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- Cousin Phillis - 6/21 -

passage of the moments. By-and-by Betty the servant came to the door into the kitchen, and made a sign to Phillis, who put her half-mended stocking down, and went away to the kitchen without a word. Looking at cousin Holman a minute or two afterwards, I saw that she had dropped her chin upon her breast, and had fallen fast asleep. I put the newspaper down, and was nearly following her example, when a waft of air from some unseen source, slightly opened the door of communication with the kitchen, that Phillis must have left unfastened; and I saw part of her figure as she sate by the dresser, peeling apples with quick dexterity of finger, but with repeated turnings of her head towards some book lying on the dresser by her. I softly rose, and as softly went into the kitchen, and looked over her shoulder; before she was aware of my neighbourhood, I had seen that the book was in a language unknown to me, and the running title was L'Inferno. Just as I was making out the relationship of this word to 'infernal', she started and turned round, and, as if continuing her thought as she spoke, she sighed out,--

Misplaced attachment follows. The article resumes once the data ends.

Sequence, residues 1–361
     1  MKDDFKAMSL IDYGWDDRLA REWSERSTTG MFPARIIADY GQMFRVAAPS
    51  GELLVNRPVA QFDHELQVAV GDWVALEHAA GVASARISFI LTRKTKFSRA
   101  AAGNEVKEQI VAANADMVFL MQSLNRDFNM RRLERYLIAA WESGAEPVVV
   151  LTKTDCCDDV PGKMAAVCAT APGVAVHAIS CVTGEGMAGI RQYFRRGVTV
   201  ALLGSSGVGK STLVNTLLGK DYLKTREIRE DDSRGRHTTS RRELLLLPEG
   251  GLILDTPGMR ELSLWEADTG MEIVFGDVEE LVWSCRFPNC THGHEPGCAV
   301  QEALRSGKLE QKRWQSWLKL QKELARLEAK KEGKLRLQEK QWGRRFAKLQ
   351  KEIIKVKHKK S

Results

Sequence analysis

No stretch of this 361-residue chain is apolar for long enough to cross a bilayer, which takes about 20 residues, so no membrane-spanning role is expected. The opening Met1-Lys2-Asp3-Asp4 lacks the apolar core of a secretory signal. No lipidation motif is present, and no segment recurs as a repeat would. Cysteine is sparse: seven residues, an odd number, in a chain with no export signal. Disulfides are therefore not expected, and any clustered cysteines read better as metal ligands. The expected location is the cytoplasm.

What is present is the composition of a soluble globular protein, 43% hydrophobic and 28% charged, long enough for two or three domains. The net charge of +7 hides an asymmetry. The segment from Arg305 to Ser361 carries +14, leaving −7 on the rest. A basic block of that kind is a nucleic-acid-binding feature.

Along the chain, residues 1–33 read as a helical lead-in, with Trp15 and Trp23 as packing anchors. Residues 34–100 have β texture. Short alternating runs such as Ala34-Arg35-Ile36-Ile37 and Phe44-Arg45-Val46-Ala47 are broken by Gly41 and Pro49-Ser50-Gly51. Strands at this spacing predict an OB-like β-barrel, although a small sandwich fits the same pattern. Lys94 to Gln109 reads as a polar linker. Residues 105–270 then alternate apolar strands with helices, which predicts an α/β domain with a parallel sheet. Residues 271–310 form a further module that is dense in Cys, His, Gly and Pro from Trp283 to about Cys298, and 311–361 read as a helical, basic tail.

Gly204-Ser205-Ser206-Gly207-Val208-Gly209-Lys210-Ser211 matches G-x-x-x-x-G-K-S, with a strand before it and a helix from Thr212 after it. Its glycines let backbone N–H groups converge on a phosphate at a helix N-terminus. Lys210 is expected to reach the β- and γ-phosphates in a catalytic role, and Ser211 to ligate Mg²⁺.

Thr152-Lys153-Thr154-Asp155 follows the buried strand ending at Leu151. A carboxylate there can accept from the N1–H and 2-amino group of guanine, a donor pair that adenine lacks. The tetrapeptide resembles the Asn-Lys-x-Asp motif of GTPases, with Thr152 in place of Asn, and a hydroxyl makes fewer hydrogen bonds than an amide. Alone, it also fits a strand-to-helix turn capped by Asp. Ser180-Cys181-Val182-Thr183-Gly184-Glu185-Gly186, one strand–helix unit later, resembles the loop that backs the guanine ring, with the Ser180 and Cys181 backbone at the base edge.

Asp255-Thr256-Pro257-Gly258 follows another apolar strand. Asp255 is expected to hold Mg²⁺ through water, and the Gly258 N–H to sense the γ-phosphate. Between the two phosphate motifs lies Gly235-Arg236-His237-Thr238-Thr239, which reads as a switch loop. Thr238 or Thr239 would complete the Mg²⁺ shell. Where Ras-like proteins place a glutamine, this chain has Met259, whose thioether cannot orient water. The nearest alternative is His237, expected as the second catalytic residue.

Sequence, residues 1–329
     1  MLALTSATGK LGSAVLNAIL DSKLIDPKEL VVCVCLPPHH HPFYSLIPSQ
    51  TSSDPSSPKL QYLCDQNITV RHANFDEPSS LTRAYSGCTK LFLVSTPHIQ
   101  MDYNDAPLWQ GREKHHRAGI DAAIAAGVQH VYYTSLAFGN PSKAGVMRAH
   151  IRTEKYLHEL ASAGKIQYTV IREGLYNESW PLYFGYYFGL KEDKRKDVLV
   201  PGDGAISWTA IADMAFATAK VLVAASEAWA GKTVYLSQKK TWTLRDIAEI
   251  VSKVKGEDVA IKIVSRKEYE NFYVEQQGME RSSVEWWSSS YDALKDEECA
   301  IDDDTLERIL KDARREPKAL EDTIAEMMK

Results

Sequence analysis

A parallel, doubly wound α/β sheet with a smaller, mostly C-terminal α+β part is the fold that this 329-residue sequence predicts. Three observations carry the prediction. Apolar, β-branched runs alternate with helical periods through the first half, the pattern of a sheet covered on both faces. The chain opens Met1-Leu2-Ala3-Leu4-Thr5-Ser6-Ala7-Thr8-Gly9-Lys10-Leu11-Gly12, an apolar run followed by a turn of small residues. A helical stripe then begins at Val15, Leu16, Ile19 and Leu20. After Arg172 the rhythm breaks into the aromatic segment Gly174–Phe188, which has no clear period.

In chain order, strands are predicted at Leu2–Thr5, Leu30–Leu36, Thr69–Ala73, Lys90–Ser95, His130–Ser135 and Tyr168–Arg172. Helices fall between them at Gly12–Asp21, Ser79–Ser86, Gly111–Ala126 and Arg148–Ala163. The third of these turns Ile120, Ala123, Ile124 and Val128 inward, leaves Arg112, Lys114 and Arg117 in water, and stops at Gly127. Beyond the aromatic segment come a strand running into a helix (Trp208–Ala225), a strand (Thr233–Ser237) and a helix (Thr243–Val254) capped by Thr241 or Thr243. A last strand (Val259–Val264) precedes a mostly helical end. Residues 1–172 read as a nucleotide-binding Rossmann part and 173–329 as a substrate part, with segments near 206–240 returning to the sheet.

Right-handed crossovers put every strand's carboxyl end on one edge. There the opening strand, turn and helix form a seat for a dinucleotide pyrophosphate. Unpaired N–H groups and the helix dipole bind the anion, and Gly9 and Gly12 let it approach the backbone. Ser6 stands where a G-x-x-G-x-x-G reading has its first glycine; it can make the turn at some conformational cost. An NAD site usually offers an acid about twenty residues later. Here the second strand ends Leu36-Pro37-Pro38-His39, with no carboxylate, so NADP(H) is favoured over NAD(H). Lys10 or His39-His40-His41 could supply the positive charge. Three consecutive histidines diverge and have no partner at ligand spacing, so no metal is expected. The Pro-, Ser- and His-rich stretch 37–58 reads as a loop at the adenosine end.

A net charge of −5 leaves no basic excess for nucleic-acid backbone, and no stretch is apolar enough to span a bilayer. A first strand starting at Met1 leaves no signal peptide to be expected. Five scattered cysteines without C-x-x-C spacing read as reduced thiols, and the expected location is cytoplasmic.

'Oh! it is so difficult! Can you help me?' putting her finger below a line.

'Me! I! I don't even know what language it is in!'

'Don't you see it is Dante?' she replied, almost petulantly; she did so want help.

'Italian, then?' said I, dubiously; for I was not quite sure.

'Yes. And I do so want to make it out. Father can help me a little, for he knows Latin; but then he has so little time.'

'You have not much, I should think, if you have often to try and do two things at once, as you are doing now.

'Oh! that's nothing! Father bought a heap of old books cheap. And I knew something about Dante before; and I have always liked Virgil so much. Paring apples is nothing, if I could only make out this old Italian. I wish you knew it.'

'I wish I did,' said I, moved by her impetuosity of tone. 'If, now, only Mr Holdsworth were here; he can speak Italian like anything, I believe.'

'Who is Mr Holdsworth?' said Phillis, looking up.

'Oh, he's our head engineer. He's a regular first-rate fellow! He can do anything;' my hero-worship and my pride in my chief all coming into play. Besides, if I was not clever and book-learned myself, it was something to belong to some one who was.

'How is it that he speaks Italian?' asked Phillis.